Researchers Hanjani, Tourzani, and Shoghi (2015) wanted to investigate the effects of foot reflexology in primigravida (first pregnancy) women during labor. The researchers had studied previous research which found that massage during labor can reduce labor pain, as well as anxiety (McNeill, Alderdice, & McMurray, 2006). Active management during labor was also found to minimize labor duration and pain as well as C-sections (Sadler, Davison, & McCowan, 2000). The researchers note that anxiety during labor can have ill effects on both mother and child, such as psychological disturbances or difficulties with delivery.
The researchers also mentioned that massage during pregnancy can have many positive effects for the mother, such as reduction of nausea, fatigue, and constipation (Mollart, 2003).
For their study, the researchers randomly tested 80 primigravida women who were in active labor. These women must not have received any pain medication or labor inducers. In addition, these women were tested to ensure they had no anxiety or psychological diseases. The women were then randomly assigned to two groups, reflexology or control.
The reflexology group received a foot massage, with fixed or rotating pressure on the pituitary gland, Solar plexus, and uterine. The control group also received a foot massage, but in other areas. The researchers took measurements of pain and anxiety before intervention, 30 minutes, 1 hour, and 2 hours after beginning intervention, and at the end of intervention. The researchers also recorded the type and length of labor as well as the baby’s Apgar score at 1-minute and 5-minutes (The Apgar score is a test to check the baby’s health immediately after birth, so that medical attention may be provided if necessary. The higher the score, the better the health).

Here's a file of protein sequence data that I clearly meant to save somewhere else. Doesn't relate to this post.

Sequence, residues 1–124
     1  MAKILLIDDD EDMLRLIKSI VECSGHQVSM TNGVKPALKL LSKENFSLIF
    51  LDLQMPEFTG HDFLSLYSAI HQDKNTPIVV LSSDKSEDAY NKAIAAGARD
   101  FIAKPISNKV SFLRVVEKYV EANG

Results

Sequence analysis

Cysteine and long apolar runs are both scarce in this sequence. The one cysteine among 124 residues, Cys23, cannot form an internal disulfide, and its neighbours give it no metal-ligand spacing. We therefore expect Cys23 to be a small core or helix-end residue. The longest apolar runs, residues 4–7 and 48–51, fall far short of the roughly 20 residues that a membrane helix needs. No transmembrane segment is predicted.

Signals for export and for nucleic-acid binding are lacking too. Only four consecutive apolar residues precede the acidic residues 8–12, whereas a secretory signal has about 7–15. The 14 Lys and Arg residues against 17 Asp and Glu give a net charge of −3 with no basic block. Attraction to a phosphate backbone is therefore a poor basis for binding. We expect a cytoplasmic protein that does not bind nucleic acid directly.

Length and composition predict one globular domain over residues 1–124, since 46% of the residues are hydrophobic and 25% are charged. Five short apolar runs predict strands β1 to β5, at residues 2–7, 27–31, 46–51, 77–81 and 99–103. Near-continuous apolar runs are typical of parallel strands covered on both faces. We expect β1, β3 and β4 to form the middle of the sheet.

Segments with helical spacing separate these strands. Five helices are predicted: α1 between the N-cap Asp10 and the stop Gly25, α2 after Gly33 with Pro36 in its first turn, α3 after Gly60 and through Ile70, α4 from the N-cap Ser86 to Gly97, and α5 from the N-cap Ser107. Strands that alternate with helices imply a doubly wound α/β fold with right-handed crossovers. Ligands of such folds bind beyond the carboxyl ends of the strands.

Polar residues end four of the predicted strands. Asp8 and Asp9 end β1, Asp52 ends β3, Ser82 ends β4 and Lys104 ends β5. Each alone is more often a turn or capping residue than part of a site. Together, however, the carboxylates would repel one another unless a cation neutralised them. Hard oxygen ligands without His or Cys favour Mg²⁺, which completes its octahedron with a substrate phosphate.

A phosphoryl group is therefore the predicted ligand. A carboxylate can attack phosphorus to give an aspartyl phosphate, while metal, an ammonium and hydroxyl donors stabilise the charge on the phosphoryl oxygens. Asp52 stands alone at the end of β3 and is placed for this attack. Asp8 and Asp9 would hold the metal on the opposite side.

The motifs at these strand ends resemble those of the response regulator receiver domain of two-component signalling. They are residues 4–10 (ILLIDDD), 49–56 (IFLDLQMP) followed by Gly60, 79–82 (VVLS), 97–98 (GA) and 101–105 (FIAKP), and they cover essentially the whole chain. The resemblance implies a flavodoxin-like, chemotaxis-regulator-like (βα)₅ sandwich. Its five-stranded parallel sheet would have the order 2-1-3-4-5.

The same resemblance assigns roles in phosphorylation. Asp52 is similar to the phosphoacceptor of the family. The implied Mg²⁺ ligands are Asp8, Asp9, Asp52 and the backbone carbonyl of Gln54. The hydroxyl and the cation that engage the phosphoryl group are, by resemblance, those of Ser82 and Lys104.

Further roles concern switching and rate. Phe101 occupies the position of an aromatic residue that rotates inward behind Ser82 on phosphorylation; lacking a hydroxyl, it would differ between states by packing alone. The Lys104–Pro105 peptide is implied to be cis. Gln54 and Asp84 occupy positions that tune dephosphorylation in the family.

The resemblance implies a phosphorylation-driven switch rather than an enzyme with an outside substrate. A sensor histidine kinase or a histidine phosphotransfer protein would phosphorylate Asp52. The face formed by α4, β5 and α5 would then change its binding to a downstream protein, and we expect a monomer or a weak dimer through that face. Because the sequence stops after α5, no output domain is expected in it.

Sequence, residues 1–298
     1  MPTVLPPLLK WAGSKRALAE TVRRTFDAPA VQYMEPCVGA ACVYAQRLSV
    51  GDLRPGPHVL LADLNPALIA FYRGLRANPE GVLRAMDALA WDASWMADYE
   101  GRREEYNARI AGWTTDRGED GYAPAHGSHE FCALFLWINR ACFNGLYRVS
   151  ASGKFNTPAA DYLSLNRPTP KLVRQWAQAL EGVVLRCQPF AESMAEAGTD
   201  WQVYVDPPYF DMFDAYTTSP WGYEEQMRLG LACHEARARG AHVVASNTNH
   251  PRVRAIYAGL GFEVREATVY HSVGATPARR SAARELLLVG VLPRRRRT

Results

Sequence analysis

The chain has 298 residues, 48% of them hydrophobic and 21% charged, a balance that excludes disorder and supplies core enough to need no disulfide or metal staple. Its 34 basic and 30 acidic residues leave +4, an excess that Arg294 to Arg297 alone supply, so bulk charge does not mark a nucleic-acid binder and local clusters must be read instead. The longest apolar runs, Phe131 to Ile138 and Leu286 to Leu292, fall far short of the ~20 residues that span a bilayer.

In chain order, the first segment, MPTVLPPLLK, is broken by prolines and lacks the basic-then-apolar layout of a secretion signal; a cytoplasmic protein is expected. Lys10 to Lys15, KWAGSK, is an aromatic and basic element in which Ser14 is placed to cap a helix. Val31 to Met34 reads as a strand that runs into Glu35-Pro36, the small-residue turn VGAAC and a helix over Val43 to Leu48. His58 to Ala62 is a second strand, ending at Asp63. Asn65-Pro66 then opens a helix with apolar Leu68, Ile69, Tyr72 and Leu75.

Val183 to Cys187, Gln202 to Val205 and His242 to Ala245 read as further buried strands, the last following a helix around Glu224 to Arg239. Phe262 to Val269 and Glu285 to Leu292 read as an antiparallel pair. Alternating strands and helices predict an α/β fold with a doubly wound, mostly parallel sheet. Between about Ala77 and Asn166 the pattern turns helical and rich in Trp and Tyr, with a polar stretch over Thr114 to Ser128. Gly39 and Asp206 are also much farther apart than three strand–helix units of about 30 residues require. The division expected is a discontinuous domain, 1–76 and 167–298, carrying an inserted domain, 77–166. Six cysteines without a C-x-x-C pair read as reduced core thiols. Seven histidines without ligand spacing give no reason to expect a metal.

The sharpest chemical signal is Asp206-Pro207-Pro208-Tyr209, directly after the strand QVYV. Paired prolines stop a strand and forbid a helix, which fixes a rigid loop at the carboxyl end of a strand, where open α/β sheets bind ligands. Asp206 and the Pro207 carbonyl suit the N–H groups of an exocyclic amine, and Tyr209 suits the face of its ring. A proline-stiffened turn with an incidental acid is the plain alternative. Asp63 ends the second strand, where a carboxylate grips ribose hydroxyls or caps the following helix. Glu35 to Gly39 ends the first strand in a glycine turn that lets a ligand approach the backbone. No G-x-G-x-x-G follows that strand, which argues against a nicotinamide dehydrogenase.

The researchers found that anxiety was significantly reduced for mothers in the reflexology group. The control group had the opposite effect, as anxiety increased during labor. Both groups, however, had substantial reductions in pain intensity throughout labor. 92.5% of mothers in the reflexology group had natural vaginal deliveries, whereas 80% of mothers in the control group delivered vaginally. Mothers in the reflexology group had pointedly shorter labor durations than the control group mothers. Lastly, babies from the reflexology group had significantly higher scores than did those of the control group.
The researchers concluded that reflexology massage during labor reduces pain intensity, anxiety, and duration of labor. It is also increases the occurrence of a natural vaginal delivery and a higher Apgar score for the child. While more research is needed, it is important to note that the effects of massage therapy has important potential for mothers in labor.
Mcneill, J. A., Alderdice, F. A., & Mcmurray, F. (2006). A retrospective cohort study exploring the relationship between antenatal reflexology and intranatal outcomes. Complementary Therapies in Clinical Practice, 12(2), 119-125. doi:10.1016/j.ctcp.2005.11.004
Moghimi-Hanjani, S., Mehdizadeh-Tourzani, Z., & Shoghi, M. (2015). The Effect of Foot Reflexology on Anxiety, Pain, and Outcomes of the Labor in Primigravida Women. Acta Medica Iranica, 53(8), 507-511.
Mollart, L. (2003). Single-blind trial addressing the differential effects of two reflexology techniques versus rest, on ankle and foot oedema in late pregnancy. Complementary Therapies in Nursing and Midwifery, 9(4), 203-208. doi:10.1016/s1353-6117(03)00054-4
Sadler, L. C., Davison, T., & Mccowan, L. M. (2000). A randomised controlled trial and meta-analysis of active management of labour. BJOG: An International Journal of Obstetrics and Gynaecology, 107(7), 909-915. doi:10.1111/j.1471-0528.2000.tb11091.x